Wisconsin Gov. Scott Walker (R) is photographed after a grass-roots training and rally event at Concord High School on March 14 in Concord, N.H. Walker was on a two-day trip to New Hampshire as he eyes a run for the U.S. presidency. (Darren Mccollester/Getty Images)

Campaigning for president — officially or unofficially — often forces candidates to do things they might not want to do.

Former Florida governor Jeb Bush (R) stopped by a Dunkin’ Donuts on Friday and later admitted that he ordered a coffee with cream — violating his “paleo” diet.

Wisconsin Gov. Scott Walker (R) broke with political tradition and talked to reporters while wearing a ballcap given to him by a member of Gun Owners of America. The governor is a strong gun rights supporter, but politicians are rarely seen sporting headwear.

Bush and Walker insist that they’re not yet candidates for the presidency. But both men arrived on Friday to meet quickly and privately with a wide range of local Republican royalty — current and former mayors, governors and lawmakers and a handful of professional operatives who can help make more introductions in the months ahead.

Those who met with Bush and Walker offered few details and said they’re keeping an open mind, with about 11 months to go before anyone casts a primary ballot.

“Too early to be able to make any intelligent comments,” former New Hampshire Republican governor John H. Sununu said in an e-mail.

He met with Walker on Friday and with Bush on Saturday.

“I never ask them to kiss my ring, just to come in and visit,” said Manchester Mayor Ted Gatsas.

He played host to both candidates and told them that he’s increasingly concerned about New Hampshire’s growing heroin epidemic.

“What we like to do is kick the tires and get a chance to meet candidates in person and see them often,” said Rep. Frank Guinta (R-N.H.). He hosted a fundraiser Friday that Bush agreed to attend. Guinta said Bush first made contact last year by making a donation to his election campaign.

“We’ll certainly take up those offers to help,” he added.

Until Friday, Bush hadn’t been to New Hampshire since 2000, when he flew with about 200 Floridians to hand out oranges and campaign on behalf of his brother George W. Bush. Walker hadn’t traveled here since 2012, when he met with local Republicans and campaigned in Mitt Romney’s ultimately unsuccessful presidential bid.

Walker is sitting atop recent public opinion polls, prompting some Bush supporters to begin calling attention to the governor’s record and his shifting position on ethanol subsidies and immigration reform.

Walker defended himself Saturday after delivering a rousing speech before hundreds of GOP activists.

“It’s just a narrative from the other campaigns that refers to the fact that we have a strong reputation of keeping our word,” Walker told reporters.

He conceded that he has dropped his support for comprehensive immigration reform, because he “listened to people all across the country, particularly border governors, who saw how this president messed that up.”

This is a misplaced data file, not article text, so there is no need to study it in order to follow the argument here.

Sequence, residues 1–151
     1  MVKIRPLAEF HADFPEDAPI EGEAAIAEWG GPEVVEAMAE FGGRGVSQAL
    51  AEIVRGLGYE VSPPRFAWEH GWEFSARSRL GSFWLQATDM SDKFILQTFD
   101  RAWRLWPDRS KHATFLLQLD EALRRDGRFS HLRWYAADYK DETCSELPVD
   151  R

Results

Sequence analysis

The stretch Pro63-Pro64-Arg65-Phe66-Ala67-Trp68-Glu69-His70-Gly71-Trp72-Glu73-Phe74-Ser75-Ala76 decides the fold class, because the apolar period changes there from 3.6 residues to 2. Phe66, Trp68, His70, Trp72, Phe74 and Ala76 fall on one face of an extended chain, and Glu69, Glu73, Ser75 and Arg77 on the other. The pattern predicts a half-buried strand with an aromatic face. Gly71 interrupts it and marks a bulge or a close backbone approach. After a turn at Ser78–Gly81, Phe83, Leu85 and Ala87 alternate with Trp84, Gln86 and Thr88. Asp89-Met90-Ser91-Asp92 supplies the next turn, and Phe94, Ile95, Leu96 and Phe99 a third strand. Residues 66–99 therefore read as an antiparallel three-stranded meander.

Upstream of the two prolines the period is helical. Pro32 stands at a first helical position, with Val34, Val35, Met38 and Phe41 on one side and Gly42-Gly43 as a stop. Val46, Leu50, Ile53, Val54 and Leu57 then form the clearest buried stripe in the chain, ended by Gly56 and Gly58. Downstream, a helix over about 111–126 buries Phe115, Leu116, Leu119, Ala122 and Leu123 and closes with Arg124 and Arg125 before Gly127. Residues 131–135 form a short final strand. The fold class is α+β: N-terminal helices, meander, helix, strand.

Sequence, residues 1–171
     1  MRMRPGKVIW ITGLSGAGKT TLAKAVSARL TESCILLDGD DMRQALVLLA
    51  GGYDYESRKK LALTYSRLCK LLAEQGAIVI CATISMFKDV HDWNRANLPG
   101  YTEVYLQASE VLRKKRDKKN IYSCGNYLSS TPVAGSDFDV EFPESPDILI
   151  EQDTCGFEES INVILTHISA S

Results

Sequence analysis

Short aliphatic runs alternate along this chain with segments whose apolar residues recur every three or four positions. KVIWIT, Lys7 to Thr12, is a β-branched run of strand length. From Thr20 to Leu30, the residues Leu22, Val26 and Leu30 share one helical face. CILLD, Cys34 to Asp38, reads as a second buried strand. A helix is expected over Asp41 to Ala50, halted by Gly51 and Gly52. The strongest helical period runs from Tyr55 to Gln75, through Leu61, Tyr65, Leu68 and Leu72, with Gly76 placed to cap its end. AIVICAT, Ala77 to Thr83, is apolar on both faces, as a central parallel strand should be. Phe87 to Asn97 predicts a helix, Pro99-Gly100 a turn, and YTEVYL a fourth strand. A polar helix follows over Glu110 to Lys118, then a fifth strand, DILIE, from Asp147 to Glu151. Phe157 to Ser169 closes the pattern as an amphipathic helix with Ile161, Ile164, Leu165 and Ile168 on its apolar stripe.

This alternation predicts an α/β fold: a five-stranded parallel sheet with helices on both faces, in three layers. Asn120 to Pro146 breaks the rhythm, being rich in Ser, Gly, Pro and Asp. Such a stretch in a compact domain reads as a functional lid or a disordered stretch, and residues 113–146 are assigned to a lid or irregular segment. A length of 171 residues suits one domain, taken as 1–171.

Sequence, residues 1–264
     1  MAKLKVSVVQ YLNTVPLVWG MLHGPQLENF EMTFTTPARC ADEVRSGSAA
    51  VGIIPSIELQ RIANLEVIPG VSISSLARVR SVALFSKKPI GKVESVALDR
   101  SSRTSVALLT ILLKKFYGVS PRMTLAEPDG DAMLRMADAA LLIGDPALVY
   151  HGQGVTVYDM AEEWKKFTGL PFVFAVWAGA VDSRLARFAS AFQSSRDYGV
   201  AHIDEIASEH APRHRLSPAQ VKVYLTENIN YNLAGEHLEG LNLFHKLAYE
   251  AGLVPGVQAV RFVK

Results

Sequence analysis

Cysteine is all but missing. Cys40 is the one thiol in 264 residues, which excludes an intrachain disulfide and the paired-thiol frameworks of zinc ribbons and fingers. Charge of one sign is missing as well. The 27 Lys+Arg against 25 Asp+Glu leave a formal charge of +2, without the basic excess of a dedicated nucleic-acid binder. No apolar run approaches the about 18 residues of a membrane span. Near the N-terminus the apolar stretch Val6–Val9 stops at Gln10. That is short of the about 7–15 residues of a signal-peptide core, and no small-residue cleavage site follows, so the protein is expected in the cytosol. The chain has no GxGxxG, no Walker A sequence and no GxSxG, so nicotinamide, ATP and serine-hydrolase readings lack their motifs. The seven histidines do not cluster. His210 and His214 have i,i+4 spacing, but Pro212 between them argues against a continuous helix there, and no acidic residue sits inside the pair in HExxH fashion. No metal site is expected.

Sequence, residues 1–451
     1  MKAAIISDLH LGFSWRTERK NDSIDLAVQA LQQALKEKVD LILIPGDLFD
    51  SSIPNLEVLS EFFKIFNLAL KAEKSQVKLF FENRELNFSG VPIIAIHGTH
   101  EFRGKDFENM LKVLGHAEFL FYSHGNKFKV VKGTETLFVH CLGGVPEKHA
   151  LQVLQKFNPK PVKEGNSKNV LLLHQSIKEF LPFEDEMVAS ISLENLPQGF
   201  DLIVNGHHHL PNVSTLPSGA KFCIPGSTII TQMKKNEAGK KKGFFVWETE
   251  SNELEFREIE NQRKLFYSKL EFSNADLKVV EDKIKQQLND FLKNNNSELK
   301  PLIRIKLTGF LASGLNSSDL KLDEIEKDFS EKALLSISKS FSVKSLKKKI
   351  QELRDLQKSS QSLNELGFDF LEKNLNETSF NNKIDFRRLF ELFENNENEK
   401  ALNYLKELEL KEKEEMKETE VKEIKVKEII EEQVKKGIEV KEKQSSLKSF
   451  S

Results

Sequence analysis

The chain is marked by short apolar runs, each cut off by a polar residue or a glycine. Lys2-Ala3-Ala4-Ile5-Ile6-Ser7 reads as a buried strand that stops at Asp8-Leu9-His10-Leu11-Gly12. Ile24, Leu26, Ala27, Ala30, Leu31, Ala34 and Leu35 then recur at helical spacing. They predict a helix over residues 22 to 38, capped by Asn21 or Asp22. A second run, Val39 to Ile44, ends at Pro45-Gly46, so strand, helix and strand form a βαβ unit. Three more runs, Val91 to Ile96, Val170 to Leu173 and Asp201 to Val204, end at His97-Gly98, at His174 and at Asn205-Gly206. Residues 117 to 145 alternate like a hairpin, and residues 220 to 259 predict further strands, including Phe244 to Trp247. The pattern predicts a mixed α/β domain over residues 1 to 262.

On the issue of ethanol, Walker said that he opposes it for his home state and that “we eventually want the standard phased out” in Iowa — the state that holds the first presidential caucus and favors the subsidies.

Walker spoke at the end of an hours-long training session for New Hampshire’s most die-hard Republicans. He outlined a plan for “growth, reform and safety” and especially stirred the crowd when he talked about the threat of “radical Islamic terrorism.”

“We need a president who will do whatever it takes. Whatever it takes,” he said as people jumped to their feet.

Beth Scaer, a software engineer from Nashua, attended the speech and said she wants to hear more from Republicans about their opposition to abortion before picking a candidate. But she said that Walker is enjoying early support because “he’s down-to-earth. He speaks really well — like Reagan did.”

Bush, meanwhile, tried to avoid comparisons with Walker. Asked about Walker’s suggested front-runner status Friday afternoon, he said, “I’m not a candidate.

“Maybe he is — I don’t know. You can’t be a front-runner until you start running.”

But when reporters pressed him again later Friday, Bush conceded that Walker “has changed his views on immigration.”

Bush spent his Friday night at the Dover home of Fergus and Jennifer Cullen, who invited 100 guests — and about 60 members of the media — to hear Bush answer questions on health care, energy policy, the national debt and immigration reform.

Fenton Groen, of Rochester, N.H., asked Bush whether he would have supported fully funding the Department of Homeland Security as part of a recent spending bill. Bush didn’t give a direct answer, instead saying that lawmakers should use “regular order” to pass a budget and enact legislation barring President Obama from using executive actions to change immigration policy.

Groen wasn’t impressed: “He’s trying to appeal to the center. That’s not what I’m looking for.”

But Bush won over Beth Monnelle, a local community college professor. She asked Bush whether he agreed with Obama’s proposal to make community college free of charge.

“He said without hesitation, ‘That’s wrong.’ And I agree,” she said.

“If he runs, he’s got my vote. I just like him. I have a good feeling for him,” she said. “You know what I appreciated the most? He answered the questions. He didn’t just beat around the bush — no pun intended.”